Still 'Room for Improvement' in Preventive Care of Diabetics
WebMD News Archive
Nov. 3, 1999 (Atlanta) -- The American Diabetes Association recommends that the 15.7 million diabetics in the U.S. receive annual eye exams, semi-annual foot exams, and a yearly test showing average blood sugar control. However, many diabetics are not receiving this care. Annual eye examinations for diabetics may be on the rise, but other preventive care for this population lags behind, according to a study conducted in Rhode Island by the CDC and published in the Oct. 29 issue of Morbidity and Mortality Weekly Report.
Complications of diabetes include blindness, kidney failure, heart disease and stroke, painful feet due to nerve damage, and leg and foot amputation. Many studies suggest that preventive care, such as a blood test (called glycosylated hemoglobin) to monitor recent blood sugar control, as well as eye and foot exams can reduce the complications of diabetes and save health care dollars.
"In Rhode Island, the managed care organizations seem to be doing a good job [of providing preventive care], as evidenced by a very high proportion of people getting their eye exams," Venkat Narayan, MD, tells WebMD in an interview. "On the other hand, there are certain other kinds of preventive care practices, like foot exams and annual glycosylated hemoglobin assessments, where there is a lot of room for improvement. Also, ... there are specific target groups that would benefit from these improvements." Narayan was not involved in the study but is chief of the diabetes epidemiology section of the CDC in Atlanta.
Narayan says the findings from Rhode Island, for the most part, support those around the country. "Preventive care practices have varied very widely across managed care organizations," he says. "If there is a surprising finding, it's the fairly high rates of eye exams, suggesting that there have been recent improvements."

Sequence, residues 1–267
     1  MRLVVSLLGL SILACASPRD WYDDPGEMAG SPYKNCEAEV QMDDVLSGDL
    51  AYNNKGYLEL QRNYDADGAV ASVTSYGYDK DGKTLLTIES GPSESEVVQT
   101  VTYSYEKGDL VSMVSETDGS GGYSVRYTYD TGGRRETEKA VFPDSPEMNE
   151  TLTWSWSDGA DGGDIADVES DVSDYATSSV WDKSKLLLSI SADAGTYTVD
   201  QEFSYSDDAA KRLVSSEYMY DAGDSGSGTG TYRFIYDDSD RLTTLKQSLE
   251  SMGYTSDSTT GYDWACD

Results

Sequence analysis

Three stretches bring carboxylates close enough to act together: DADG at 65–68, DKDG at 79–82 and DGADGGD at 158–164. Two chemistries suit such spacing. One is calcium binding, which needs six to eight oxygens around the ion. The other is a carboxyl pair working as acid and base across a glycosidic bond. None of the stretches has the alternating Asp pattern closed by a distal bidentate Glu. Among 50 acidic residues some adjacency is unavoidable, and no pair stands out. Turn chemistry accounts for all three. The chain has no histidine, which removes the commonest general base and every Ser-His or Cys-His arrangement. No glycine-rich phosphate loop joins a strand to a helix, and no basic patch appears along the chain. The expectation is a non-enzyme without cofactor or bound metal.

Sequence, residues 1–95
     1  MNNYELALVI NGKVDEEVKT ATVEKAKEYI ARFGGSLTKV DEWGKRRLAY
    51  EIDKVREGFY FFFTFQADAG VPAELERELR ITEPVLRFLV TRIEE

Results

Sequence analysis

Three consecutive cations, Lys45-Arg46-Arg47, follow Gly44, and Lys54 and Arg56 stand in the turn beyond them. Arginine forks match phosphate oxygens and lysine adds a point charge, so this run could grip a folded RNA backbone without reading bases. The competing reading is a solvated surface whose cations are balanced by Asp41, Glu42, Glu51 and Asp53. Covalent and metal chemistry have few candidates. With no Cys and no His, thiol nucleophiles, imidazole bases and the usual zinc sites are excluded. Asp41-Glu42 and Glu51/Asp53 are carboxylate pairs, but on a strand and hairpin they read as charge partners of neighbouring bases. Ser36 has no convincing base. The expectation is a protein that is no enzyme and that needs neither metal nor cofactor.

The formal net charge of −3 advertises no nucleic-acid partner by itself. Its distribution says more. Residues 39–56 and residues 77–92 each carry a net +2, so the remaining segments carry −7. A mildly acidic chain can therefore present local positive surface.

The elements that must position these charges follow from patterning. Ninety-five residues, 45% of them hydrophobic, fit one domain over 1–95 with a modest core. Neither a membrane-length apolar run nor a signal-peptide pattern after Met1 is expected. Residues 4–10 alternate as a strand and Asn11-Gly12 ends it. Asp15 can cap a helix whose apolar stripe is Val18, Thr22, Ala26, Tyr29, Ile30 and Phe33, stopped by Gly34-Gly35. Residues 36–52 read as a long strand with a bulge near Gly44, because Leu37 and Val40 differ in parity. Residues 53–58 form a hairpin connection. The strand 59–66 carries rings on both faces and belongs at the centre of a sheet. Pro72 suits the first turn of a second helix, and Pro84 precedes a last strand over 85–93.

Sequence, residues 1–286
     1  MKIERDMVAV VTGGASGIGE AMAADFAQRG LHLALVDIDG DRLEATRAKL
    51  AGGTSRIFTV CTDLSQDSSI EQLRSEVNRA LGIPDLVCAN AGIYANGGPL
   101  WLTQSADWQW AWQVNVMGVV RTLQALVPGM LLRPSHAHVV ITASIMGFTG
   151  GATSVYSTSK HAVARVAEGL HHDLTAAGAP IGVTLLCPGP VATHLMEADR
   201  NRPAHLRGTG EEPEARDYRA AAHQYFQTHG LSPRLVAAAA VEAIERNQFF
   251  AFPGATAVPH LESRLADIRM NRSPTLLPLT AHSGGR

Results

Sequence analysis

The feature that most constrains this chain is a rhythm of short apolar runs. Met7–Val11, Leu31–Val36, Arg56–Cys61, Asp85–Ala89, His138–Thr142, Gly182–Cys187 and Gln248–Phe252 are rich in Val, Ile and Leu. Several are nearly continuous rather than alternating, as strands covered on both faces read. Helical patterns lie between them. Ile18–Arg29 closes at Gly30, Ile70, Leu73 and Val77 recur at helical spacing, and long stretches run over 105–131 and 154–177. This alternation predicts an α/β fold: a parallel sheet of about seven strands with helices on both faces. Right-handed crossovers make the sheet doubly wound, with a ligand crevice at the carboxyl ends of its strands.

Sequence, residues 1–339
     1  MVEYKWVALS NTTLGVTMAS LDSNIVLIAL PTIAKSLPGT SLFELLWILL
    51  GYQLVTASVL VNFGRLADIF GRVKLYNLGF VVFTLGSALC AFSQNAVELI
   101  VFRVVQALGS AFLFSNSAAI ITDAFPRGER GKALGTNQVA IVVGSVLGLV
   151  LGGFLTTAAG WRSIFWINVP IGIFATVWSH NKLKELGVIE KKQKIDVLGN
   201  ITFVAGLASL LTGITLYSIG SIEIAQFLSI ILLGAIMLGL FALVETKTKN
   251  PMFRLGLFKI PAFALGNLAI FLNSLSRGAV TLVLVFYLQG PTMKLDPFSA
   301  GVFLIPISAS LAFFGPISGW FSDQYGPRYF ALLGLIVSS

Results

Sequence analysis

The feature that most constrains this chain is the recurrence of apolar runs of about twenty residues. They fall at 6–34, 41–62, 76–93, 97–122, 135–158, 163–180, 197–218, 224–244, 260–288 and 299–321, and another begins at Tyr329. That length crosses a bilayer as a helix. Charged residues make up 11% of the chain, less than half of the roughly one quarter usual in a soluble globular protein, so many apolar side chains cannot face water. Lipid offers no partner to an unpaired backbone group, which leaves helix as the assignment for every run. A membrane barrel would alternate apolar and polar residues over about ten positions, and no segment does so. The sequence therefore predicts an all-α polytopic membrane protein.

This study included about 400 diabetics who were receiving care from a major health maintenance organization (HMO) or major preferred provider organization (PPO) in Rhode Island. Subjects were surveyed to determine how many times in a year a health care provider had conducted a glycosylated hemoglobin, dilated eye examination, and foot examination.
Of the respondents, 54% recalled an annual glycosylated hemoglobin, 87% recalled an annual dilated eye examination, and 58% recalled a semi-annual foot examination. Among patients who were at least 65 years old, over 90% reported eye examinations, but only 48% reported glucose control assessments. Among those 20-44 years old, a higher number of patients (71%) recalled glycosylated hemoglobin tests. These findings may suggest that physicians consider the loss of vision a greater problem in the elderly and glucose control a greater problem for younger adults.
Another finding was that both foot and eye examinations were reported higher in patients on insulin therapy than those not on insulin therapy. Physicians may be using insulin therapy as a marker of more severe diabetic disease and therefore providing more care.